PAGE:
Jersey soul to rock Riley


MANCHESTER >> A little piece of the Jersey shore — actually, a fairly large piece of it — will be passing through Manchester this weekend along with the other visitors.

The Shore — not to be confused with the television program that briefly gave passing fame to eight housemates who called the area home during its three year run on MTV — stretches along the coast of New Jersey roughly from Sandy Hook to Cape May, with stops in places like Asbury Park and Atlantic City. Long beaches, clubs and bars, amusement parks, boardwalks, summer fun and more recently and less humorously, Hurricane Sandy, are part of its mystique. The area has also spawned some influential musicians who developed a distinctive sound that blended soul and rhythm-and-blues with rock. Think Bruce Springsteen. Think Southside Johnny and the Asbury Jukes.

Southside Johnny and his current band of Jukes will be appearing in Manchester Saturday, July 23, at Riley Rink, part of the ongoing series of concerts there sponsored by Law Enforcement Against Drugs, or L.E.A.D. Doors open at 5 p.m. and local musician Fred Shehadi and his band will open the show, with the headlining act to follow at 7 p.m.

L.E.A.D. is hoping to establish a branch of its operations to create a partnership between schools and law enforcement agencies to take part in a broad effort to discourage drug use and bullying among teens, according to Nick DeMauro, its CEO and executive director.

This will be the third concert in its summer series launched this year and known as the Southern Vermont Rockin' Concert Series. Proceeds from the shows will go to support L.E.A.D.'s efforts.

Southside Johnny and the Asbury Jukes shot into prominence in the mid-1970s alongside Springsteen, who also wrote some of the material the band recorded in its early years. Several members from Springsteen's E Street Band also played with the Jukes. Jon Bon Jovi, another New Jersey musician from the area who went on to achieve more than a little success also toured with the band as a special guest in 1990.

More than 20 albums later, with a career spanning more than four decades and a new album of fresh material ("Soultime!") released last year, Southside Johnny Lyons said performing and giving shows was still fun.

"One of the big differences is that even though I'm older, I still have the energy, but we have so much more material," he said in a recent phone interview. "I know how hard it is to keep a career going in music — it can be very thankless work — I've been lucky. I've had great bands and great audiences and they've been real loyal to me."

His current group of musicians, with a lineup little different from the glory days of the mid-to-late 1970s features a tight horn section to go with the drums, keyboards, guitars and bass, is one of the best he's ever had, he said.

That will be good news to fans who remember Southside and the Jukes from the early days, when hits like "I don't want to go home," "Trapped Again," "Talk to Me," and "You mean so much to me" — a duet Lyons sang with Ronnie Spector, one of rock 'n roll's original stars — were staples of commercial radio and highlights of their concerts. A scorching horn section propelled the music forward, making their faster-paced material hard to sit still for. Their slower ballads were — and still are — pretty good too.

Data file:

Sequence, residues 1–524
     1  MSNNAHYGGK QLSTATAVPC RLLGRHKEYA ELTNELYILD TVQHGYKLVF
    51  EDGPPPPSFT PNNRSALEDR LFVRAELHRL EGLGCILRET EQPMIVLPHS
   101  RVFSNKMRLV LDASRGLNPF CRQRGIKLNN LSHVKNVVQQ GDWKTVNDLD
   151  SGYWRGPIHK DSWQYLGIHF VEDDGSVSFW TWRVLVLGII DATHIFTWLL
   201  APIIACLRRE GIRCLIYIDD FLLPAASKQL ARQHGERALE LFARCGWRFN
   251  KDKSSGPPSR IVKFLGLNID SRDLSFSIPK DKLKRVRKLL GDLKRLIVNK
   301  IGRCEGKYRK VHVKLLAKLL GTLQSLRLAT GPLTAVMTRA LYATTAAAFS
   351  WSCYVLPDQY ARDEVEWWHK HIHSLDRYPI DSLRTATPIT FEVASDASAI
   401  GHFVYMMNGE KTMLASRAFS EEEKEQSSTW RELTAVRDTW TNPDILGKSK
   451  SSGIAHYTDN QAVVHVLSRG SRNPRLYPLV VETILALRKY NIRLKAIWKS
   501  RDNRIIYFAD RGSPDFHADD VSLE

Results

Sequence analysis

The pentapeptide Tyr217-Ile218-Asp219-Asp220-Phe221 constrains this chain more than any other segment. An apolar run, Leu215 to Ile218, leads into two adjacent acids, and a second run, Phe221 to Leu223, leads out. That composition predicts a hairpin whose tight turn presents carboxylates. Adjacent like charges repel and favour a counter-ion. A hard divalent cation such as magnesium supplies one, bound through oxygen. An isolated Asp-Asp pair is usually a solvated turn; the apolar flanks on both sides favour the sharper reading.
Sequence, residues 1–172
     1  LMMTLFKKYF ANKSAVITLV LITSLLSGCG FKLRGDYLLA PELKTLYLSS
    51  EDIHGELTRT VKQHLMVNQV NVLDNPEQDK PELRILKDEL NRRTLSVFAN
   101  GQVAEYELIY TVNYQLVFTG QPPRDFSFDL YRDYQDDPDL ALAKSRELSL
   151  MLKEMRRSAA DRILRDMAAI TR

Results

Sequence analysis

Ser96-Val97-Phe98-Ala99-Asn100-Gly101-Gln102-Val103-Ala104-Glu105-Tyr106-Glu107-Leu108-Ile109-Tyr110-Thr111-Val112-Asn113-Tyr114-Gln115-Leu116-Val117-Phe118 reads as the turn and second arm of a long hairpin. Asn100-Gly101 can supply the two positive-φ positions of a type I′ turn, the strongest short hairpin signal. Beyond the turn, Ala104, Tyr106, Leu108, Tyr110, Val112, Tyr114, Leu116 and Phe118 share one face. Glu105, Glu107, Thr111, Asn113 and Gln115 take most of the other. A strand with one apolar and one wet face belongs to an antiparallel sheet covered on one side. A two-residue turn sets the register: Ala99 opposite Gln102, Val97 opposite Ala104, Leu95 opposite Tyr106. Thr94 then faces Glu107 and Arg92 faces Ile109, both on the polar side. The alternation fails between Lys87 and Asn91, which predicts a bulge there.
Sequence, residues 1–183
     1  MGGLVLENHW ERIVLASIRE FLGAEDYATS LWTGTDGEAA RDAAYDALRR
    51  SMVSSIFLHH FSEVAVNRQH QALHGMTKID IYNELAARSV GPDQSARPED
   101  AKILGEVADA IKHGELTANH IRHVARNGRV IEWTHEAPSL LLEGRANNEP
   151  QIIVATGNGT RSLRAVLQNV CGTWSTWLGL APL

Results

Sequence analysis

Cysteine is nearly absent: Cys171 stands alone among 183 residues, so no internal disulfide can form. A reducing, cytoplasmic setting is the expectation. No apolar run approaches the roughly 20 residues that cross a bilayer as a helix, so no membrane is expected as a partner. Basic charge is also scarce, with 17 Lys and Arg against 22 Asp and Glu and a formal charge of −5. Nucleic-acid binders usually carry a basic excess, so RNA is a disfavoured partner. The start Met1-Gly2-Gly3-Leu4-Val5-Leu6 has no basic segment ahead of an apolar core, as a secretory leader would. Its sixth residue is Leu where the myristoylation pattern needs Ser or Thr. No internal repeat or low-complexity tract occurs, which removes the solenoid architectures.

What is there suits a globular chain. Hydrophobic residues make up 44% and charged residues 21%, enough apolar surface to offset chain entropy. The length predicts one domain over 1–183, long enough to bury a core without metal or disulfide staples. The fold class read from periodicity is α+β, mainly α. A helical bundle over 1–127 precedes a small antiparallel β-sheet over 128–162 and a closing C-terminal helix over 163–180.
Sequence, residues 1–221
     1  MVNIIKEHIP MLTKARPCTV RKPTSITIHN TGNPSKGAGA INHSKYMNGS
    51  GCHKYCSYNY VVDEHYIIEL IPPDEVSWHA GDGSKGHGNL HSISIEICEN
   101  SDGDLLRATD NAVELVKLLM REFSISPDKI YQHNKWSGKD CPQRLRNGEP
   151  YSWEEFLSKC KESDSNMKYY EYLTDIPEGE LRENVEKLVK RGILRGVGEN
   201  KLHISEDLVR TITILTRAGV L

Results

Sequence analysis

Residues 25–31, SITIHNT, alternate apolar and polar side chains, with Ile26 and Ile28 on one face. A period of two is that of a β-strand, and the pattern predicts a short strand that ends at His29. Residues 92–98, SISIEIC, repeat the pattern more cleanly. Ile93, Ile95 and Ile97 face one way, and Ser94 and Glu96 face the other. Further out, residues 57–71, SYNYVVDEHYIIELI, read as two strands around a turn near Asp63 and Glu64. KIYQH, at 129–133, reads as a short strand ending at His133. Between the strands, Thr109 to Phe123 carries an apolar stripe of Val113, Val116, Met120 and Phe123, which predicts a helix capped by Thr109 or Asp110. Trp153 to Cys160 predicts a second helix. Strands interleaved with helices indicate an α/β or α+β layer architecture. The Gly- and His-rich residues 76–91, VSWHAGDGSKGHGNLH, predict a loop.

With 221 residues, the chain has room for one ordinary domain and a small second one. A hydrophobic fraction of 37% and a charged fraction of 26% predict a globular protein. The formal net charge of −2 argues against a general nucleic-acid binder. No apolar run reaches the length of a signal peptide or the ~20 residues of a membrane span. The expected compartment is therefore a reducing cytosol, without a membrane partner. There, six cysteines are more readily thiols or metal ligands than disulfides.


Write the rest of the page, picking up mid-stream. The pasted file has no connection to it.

The set list for each show is never set in stone, Southside Johnny said.

"A lot of it depends on the mood of the crowd; a lot of it depends on my mood going out there — if I want to pound it out and do a lot of fast songs or if I'm in a more contemplative mood and want to do some of the ballads," he said.

The current band can play in several different styles, from jazz to reggae or "fool around on stage and have fun," he added.

The concert series marks one of the first sustained returns of musical performances to Riley Rink in several years. When it first opened in 1997, the venue hosted several well-known entertainers of the day during non-skating months, but those eventually proved financially unsustainable. The southern Vermont Rockin' Concert Series is a way for the rink to edge back into that again, but the difference now is that the rink is simply renting out the space for the concerts, as opposed to being the organizers and sponsors, said Jon Larson, the rink's general manager.

"We thought having a concert series brings back the musical connection the rink had with the community," he said. "It's good for us as a facility and good for the community."

The rink is also getting inquiries from other entertainers and musical acts about staging performances there, since the combination of indoor seating with open walls to allow for more seating on the lawn makes it an attractive venue and one of the few of its size, he said.

Local resident Don Benasich, who is helping organize the shows and the concert series is also hoping this marks the beginning of a return of live music to the rink during its "off-season."

These are full production events with high quality sound and lighting and through them, L.E.A.D. hopes to expand its presence in Vermont and also New Hampshire, he said.

The following week will see a large fair being planned for the Dorr Farm on Route 30, then a resumption of concerts on Aug. 6 before concluding on Aug. 19 with the Marshall Tucker Band.

"I asked Nick personally for Southside Johnny because I followed him down at the Jersey shore and they were one of my favorites," Benasich said. "I can see this series growing every year at the rink."

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